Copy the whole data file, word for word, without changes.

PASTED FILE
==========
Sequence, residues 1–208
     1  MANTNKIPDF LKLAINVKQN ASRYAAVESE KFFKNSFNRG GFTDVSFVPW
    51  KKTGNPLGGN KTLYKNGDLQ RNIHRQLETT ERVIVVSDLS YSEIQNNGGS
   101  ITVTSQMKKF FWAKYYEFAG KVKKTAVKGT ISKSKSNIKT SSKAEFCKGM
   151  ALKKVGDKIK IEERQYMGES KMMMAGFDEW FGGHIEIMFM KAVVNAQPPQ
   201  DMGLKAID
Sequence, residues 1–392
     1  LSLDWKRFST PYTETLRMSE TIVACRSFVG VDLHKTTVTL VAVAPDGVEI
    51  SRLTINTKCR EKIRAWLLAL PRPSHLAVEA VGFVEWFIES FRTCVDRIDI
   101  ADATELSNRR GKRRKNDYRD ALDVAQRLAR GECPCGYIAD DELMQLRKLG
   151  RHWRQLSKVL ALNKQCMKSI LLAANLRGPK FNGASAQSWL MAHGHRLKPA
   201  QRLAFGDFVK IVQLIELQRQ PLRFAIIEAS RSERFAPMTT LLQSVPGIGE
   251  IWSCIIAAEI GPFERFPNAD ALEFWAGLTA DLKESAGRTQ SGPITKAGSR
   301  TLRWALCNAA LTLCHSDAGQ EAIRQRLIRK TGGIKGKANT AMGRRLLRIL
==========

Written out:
Sequence, residues 1–208
     1  MANTNKIPDF LKLAINVKQN ASRYAAVESE KFFKNSFNRG GFTDVSFVPW
    51  KKTGNPLGGN KTLYKNGDLQ RNIHRQLETT ERVIVVSDLS YSEIQNNGGS
   101  ITVTSQMKKF FWAKYYEFAG KVKKTAVKGT ISKSKSNIKT SSKAEFCKGM
   151  ALKKVGDKIK IEERQYMGES KMMMAGFDEW FGGHIEIMFM KAVVNAQPPQ
   201  DMGLKAID
Sequence, residues 1–392
     1  LSLDWKRFST PYTETLRMSE TIVACRSFVG VDLHKTTVTL VAVAPDGVEI
    51  SRLTINTKCR EKIRAWLLAL PRPSHLAVEA VGFVEWFIES FRTCVDRIDI
   101  ADATELSNRR GKRRKNDYRD ALDVAQRLAR GECPCGYIAD DELMQLRKLG
   151  RHWRQLSKVL ALNKQCMKSI LLAANLRGPK FNGASAQSWL MAHGHRLKPA
   201  QRLAFGDFVK IVQLIELQRQ PLRFAIIEAS RSERFAPMTT LLQSVPGIGE
   251  IWSCIIAAEI GPFERFPNAD ALEFWAGLTA DLKESAGRTQ SGPITKAGSR
   301  TLRWALCNAA LTLCHSDAGQ EAIRQRLIRK TGGIKGKANT AMGRRLLRIL